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Coventry Socialist Group

ISVESTIA SUB-EDITOR VISITS COVENTRY. Thus ran the first line of a personal column ad. in the 22nd January issue of the Coventry Evening Telegraph. MEET MR. MATVEYEF the ad. went on. Well, the Coventry Socialist Group thought that it would be a better idea if Mr. Matveyef met us. So a few of us went along to the meeting which, we learned later, was organised by the British-Soviet Friendship Society.

The Soviet sub-editor's speech was slow, halting and rather rambling—but this did nothing to diminish the applause which came at the end of it from the hundred or so Russophiles who were present. As soon as the applause had died down, one of our members was on his feet with some uncomfortable facts for Mr. Matveyef to digest about the Russian dictatorship and to remind him that, although the Communists claimed that the Soviet Union was different from Great Britain because it was a Socialist country, he had taken half an hour bef

Of course, the chairman had to intervene but this did not stop another member getting into the discussion later. He provoked considerable clamour by using the Soviet Weekly and the Russian Year Book to demonstrate that in the U.S.S.R. there are interest-bearing bonds, capital accumulation, profit and exploitation of wage-labour—all hallmarks of the capitalist social system.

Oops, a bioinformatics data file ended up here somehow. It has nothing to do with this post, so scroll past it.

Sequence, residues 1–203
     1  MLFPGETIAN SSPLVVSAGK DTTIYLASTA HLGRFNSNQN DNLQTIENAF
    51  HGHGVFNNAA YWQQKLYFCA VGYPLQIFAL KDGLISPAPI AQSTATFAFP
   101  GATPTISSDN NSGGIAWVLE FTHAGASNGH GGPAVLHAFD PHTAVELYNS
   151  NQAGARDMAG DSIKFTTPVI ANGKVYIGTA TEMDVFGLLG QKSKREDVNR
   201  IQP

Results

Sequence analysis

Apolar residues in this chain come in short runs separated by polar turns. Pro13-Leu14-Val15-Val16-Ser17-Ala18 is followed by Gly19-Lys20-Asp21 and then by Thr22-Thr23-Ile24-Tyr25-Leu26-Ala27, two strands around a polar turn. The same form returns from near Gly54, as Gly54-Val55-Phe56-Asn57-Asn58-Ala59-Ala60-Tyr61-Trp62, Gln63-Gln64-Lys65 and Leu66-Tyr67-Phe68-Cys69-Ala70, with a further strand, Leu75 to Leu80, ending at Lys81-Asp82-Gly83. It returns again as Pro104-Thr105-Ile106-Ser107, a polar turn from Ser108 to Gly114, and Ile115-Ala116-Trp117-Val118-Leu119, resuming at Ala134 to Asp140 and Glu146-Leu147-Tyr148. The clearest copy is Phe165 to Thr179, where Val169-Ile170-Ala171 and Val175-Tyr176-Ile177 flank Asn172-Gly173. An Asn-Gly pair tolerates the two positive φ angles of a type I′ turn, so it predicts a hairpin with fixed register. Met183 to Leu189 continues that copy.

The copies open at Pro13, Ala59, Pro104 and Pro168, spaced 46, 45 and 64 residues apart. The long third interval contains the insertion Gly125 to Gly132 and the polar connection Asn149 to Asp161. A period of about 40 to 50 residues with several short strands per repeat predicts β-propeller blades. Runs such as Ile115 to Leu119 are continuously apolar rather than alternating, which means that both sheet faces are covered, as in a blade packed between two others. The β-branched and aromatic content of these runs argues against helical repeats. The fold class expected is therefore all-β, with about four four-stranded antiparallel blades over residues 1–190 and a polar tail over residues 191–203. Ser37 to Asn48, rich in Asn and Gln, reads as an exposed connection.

Mr. Matveyef's replies were evasive and lame. He begged our indulgence: he was not a professional lecturer (!) and was not equipped to take part in an ideological discussion. Socialism in Russia, he said, meant a planned economy and a rising standard of living—although he admitted that their standards were at present a long way below ours in Britain. Freedom of the press, he claimed, did exist in Russia - witness the readers' letters which complain about this and that and which sometimes result in governmental action. He ended with a familiar-sounding tirade against the commercialism, sex-exploiting and sensation-hunting Western press and went down bravely, trying to defend the one-party State-capitalist dictatorship which is the Soviet Union today and trying to justify its imperialist exploits.

Did the Coventry Socialists impress Mr. Matveyef? Alas, we cannot tell. We can only say that he took his impassive face from the hall not looking at all happy. For our part, we were well contented with our evening's work to dispel some of the illusions about Russia. We made one or two hopeful contacts and we sold six shillings worth of literature.

Coventry Socialist Group